Cadaver – a dead body, esp. a human body to be dissected; corpse.
When I was studying at NUS, an ex-classmate of mine, then a dentistry student, took my friend and I on a tour to the Medicine Faculty. There was a lab where they had stored deformed aborted fetus in glass containers – one with one one eye in the centre of the face – as well as preserved organs. Then he took us to a room and showed us cadavers imported from India. He said they were mostly destitutes. They were all covered in white sheets with only their feet visible.
Did we want to have a look?
eek…we shrieked in horror, of course not.
This book explains what happens to the body when one dies. (Not to be confused with her other book Spook which talks about the after life – the soul rather than the body.)
I learn that when I die, there are a few things I (or my family) can do with my body. They can bury me, cremate me, donate me as a cadaver to medical research, or send me to Sweden to be made into a compost (still not yet accepted in 2003 when the book was published) to be ecological friendly, or disintegrate me by dissolving me (or my body) in lye and then flushed into the sewage.
She describes in detail what happens when a body rots in burial, that is, provided you are sure you are dead and not just buried alive. In olden times, there are ways to test it, and it all involved unspeakable pain, as can be expected – sole of feet sliced with razors, needles jammed beneath toenails, nipple pincher, thrusting a sharp pencil up the cadaver’s nose, etc.
Back to rotting. Maggots start forming from all the points of entry like the ears, eyes, navels, urethra, etc. Bacteria in the gut starts to eat away the internal and resulting in bloating, until gradually the cavity explodes. Putrefaction refers to the breaking down and gradual liquefaction of tissue by bacteria. Simply, we just turn to liquid after all the rotting is done.
Cremation is tidier and you can read in detail about it. (The hair and skin at once scorch, char and burn….) However, if you have mercury filling in your teeth, it is not ecologically green, as this is one source of contributing to atmospheric mercury.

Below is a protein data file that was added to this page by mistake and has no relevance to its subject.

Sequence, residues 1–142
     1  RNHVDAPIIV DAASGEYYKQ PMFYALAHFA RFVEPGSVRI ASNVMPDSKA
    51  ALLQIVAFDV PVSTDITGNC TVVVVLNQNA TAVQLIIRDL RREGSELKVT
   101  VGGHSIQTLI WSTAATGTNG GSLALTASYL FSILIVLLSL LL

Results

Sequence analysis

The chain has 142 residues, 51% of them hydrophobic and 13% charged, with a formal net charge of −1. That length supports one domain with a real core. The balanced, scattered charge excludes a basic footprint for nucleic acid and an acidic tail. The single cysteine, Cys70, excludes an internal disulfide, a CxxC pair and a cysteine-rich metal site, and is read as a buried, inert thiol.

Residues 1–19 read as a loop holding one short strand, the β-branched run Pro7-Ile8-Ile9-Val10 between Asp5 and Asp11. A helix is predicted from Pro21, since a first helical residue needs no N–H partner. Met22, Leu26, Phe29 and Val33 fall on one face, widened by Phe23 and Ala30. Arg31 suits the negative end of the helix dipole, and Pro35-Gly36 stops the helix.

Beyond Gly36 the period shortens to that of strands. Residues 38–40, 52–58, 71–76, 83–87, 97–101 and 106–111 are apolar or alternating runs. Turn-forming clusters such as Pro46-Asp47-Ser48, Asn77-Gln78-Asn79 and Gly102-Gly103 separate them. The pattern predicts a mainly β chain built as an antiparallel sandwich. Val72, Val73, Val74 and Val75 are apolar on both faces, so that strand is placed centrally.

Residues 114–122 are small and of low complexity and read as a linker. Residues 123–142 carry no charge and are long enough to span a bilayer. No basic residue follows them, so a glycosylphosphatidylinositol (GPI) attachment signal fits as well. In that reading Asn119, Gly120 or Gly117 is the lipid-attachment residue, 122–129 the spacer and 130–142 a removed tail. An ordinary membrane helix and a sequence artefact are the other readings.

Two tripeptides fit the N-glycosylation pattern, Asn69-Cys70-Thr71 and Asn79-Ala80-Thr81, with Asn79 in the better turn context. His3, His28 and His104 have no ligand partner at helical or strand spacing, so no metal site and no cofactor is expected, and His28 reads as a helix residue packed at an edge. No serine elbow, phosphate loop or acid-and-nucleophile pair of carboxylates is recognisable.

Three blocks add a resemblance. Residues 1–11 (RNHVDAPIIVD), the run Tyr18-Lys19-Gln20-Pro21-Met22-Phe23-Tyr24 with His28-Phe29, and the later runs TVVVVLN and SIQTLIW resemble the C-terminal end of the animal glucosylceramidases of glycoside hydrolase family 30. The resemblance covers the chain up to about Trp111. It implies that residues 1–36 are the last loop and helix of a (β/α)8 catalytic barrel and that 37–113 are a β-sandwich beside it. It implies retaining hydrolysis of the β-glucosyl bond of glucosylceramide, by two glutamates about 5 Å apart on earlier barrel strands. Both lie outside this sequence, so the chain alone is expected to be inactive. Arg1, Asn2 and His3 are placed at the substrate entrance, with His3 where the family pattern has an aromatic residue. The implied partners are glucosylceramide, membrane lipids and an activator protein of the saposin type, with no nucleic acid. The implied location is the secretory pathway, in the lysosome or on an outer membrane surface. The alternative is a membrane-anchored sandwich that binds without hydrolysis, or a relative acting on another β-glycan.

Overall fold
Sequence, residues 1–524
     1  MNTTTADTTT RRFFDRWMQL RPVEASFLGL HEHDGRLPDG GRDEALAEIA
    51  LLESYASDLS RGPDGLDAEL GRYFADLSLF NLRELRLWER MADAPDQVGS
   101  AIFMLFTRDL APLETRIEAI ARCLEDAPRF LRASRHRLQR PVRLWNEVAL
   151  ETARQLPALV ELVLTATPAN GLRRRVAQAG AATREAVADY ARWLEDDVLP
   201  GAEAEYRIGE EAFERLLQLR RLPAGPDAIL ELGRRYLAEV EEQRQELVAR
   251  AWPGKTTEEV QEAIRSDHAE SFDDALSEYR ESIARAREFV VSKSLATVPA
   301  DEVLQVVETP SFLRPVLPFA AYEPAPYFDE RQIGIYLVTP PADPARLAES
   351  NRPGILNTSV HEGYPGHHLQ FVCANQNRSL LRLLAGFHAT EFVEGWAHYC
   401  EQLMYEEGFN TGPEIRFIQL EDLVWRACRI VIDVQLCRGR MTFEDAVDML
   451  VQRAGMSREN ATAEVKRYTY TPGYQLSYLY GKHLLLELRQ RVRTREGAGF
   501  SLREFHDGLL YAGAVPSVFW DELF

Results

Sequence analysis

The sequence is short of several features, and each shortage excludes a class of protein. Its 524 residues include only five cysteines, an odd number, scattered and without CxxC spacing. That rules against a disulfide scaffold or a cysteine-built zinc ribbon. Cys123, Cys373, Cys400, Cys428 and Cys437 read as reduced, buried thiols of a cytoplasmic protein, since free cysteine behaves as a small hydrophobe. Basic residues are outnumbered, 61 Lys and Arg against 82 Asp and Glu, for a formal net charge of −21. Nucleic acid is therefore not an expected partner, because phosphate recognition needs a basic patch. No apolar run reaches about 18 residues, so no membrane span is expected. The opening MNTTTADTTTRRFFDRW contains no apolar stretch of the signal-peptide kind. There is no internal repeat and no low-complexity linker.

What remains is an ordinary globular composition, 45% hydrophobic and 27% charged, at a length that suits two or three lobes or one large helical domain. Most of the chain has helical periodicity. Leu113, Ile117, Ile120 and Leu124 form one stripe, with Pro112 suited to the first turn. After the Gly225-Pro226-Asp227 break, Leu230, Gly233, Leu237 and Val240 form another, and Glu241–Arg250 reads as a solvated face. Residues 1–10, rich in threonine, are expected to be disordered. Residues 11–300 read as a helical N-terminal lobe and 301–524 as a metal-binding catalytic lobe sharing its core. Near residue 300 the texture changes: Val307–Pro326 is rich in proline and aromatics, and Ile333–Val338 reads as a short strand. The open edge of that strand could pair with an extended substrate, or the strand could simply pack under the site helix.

Dissolving the body in lye and then flushing down the sewage is cleaner but may not be acceptable due to the dignity of the idea of treating the deceased as sewage.
Then, there is the compost. To do that, the body has to be grounded into small chunks and then raked to aerate it. The grinding process may sound horrific but otherwise it is not feasible to keep turning the body to aerate it for compost.
“The body has to be unrecognisable while it composts. It has to be in small pieces. Can you imagine the family sitting around the dinner table and someone says, ‘Okay, Sven, it’s your turn to go out and turn Mother?'” I can just imagine myself stuffed into the compost bin in my back garden and Andreas telling Aaron to do just that – go turn mommy!
I kind of like the idea of donating my body for research. Just so you know, you have no choice as to what they do to you. Your head may be decapitated for a plastic surgeon to practise his face lifting skills, or you may end up as a crash dummy for a plane/car simultated accident, instead of some other heroic research to cure diseases as you had hoped. Worse, you may end up in some army lab as a target for testing bullets.
I’m lucky to be born now rather than in the uncivilized age where cadavers are eaten or parts of it made into medicine. Spits, ear-wax, urine, faeces (of humans and animals) and other gross excretas (dirt from behind the knees) were highly valued (especially in China) for their medicinal properties.
As with all the other Mary Roach’s books, this book is funny. Dying, while sad, is different from death itself. I had intitally expected to be cremated upon death and then being scattered in the sea. Now however, i have a new perspective: if upon death, i can contribute to Science which I am not able to while alive, donating my cadaver is the least i can do. I wonder if NUS would accept me?